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Gardening A-Z

Strawberries are one of the most popular edible plants to have in the garden. And it’s not hard to work out why. They’re tasty of course. But they have a couple of other great factors going for them.


The delicious combination of strawberries and ice cream may be hard to picture right now as we wrap up warm and go into hibernation mode, but don’t forget the cold and damp won’t last forever.

Got a strawberry patch? June to August is the time to divide your plants and remove the runners.

I say it every year – it’s crazy to be thinking about summer strawberries in the middle of winter. But if you want to stun the rellies with homegrown juicy sensations this Christmas, then you need to plant now (June/July).


Are you tired of the endless attempts to persuade your children to eat fruit?

Are you looking for a healthy snack that is almost guaranteed to appeal to the kids – and the whole family?  And that will be very affordable?

Why not enlist your children’s help in the garden and plant strawberries for the summer.


It might seem ridiculous to be thinking about Christmas already, but if you want the freshest, juiciest homegrown strawberries this coming festive season, it’s time to start planning.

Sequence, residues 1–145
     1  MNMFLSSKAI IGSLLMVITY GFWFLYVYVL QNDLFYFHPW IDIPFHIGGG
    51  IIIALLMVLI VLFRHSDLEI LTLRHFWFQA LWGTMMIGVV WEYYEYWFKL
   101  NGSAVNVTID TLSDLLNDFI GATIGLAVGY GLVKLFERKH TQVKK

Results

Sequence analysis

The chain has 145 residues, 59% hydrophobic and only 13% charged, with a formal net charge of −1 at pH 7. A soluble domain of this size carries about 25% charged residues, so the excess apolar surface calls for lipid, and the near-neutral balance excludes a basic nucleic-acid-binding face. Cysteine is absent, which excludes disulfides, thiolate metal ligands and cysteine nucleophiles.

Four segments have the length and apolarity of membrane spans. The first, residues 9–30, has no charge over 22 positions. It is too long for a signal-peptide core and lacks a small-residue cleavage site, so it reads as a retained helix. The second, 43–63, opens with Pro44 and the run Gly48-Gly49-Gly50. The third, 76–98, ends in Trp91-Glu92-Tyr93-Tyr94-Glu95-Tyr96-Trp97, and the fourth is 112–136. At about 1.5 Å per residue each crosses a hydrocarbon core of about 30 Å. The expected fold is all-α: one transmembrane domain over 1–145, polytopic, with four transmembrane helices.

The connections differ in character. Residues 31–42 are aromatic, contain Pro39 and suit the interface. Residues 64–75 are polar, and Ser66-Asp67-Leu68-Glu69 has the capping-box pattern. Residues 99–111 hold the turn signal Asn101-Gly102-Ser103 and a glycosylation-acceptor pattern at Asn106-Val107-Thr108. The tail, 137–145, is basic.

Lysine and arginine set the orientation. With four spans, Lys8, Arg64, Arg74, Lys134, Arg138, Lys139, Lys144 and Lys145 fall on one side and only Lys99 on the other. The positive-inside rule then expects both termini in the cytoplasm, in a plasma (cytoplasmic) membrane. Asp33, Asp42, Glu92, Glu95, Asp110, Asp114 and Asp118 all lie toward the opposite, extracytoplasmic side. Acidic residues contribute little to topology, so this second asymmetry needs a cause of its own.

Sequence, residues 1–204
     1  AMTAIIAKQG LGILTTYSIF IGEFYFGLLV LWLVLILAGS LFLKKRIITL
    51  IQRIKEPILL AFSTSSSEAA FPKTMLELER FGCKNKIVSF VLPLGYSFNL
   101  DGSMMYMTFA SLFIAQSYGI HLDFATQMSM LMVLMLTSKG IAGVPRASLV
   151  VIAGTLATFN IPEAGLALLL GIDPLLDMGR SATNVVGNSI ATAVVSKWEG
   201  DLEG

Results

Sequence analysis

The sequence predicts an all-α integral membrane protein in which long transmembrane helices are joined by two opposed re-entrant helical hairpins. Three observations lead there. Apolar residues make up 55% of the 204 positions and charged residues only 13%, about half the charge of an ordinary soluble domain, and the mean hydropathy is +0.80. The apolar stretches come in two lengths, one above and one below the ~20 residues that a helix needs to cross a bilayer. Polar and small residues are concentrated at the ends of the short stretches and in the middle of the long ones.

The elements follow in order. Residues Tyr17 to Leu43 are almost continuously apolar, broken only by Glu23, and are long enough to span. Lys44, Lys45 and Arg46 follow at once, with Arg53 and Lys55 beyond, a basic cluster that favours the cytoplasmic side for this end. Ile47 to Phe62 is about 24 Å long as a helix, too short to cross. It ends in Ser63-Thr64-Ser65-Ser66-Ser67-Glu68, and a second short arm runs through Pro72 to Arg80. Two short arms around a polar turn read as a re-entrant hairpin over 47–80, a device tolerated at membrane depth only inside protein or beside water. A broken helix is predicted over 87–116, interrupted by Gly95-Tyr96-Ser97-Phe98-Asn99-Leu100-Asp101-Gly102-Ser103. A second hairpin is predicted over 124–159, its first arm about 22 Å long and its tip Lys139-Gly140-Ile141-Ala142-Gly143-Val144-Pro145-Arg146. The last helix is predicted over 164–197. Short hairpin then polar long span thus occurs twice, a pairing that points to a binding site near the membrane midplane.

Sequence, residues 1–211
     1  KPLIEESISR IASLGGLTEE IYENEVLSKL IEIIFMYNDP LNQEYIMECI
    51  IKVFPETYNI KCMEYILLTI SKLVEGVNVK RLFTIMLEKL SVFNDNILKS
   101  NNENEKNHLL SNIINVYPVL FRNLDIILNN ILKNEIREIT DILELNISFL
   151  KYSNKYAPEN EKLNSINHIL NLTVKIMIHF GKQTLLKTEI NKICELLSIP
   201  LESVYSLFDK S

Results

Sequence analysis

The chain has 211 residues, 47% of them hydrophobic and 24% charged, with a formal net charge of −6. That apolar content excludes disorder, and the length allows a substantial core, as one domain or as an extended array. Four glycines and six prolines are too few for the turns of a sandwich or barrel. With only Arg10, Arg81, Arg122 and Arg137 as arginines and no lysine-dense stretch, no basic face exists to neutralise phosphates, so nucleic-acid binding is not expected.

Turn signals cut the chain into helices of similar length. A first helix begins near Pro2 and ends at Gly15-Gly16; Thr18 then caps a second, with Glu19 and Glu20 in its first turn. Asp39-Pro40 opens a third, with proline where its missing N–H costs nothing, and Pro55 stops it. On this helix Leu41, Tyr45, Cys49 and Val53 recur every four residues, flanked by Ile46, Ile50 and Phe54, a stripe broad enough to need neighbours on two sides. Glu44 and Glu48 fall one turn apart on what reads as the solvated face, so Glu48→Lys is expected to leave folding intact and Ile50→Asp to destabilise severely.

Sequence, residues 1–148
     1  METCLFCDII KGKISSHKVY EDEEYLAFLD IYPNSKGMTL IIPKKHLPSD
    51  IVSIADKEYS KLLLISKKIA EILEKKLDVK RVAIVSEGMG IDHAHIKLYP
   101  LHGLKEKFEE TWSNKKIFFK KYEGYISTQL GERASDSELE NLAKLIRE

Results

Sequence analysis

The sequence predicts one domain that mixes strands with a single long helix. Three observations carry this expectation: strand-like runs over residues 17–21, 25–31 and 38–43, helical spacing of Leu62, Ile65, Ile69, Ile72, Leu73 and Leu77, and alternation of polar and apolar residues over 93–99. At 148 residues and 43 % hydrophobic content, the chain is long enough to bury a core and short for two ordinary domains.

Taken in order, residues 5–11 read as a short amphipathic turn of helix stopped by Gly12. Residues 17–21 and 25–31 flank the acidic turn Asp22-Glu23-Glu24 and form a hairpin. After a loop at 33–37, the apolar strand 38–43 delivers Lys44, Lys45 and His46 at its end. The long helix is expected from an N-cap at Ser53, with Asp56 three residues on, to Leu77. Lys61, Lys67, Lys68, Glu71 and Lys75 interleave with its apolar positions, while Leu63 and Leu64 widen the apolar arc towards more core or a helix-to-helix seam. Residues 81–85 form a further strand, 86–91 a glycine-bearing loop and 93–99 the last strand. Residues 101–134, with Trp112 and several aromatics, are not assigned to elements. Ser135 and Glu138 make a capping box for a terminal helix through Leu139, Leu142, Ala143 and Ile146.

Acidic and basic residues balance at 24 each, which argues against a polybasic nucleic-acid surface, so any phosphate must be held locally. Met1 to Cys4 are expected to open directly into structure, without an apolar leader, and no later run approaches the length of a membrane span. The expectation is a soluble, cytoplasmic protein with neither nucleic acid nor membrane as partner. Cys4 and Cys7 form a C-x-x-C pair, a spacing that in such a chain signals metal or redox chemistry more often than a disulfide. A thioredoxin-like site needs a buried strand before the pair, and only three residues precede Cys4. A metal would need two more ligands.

Awapuni gardening guru, Tod Palenski, says in most parts of the country you can start planting strawberries from June, but if you’re in the cooler southern regions, you may need to wait until August.


It’s the middle of winter and summer couldn’t feel any further away.  If you’re tired of paying marked-up prices for fruit every Christmas, now is the time to get planting.

Whether your garden is big or small, inner city or the back of beyond, you will have no problem growing strawberries. They will grow just about anywhere from raised gardens and pots to window boxes and hanging baskets – just as long as they have some sun!


At this time of year Christmas couldn’t feel further away. In fact it feels like forever. And that’s how long strawberries take to grow … forever. I’m not going to glam this up ladies and gents - it’s cold and the soil appears to have frost bite, but if you want those bountiful strawberries come Christmas you need to harden up and head outdoors.

Strawberries grow just about anywhere - your garden bed, old containers, or even in a cut off bit of drain pipe. As long as they can see the sun, and your garden or pot is well drained, you can expect an abundant mass of fruit.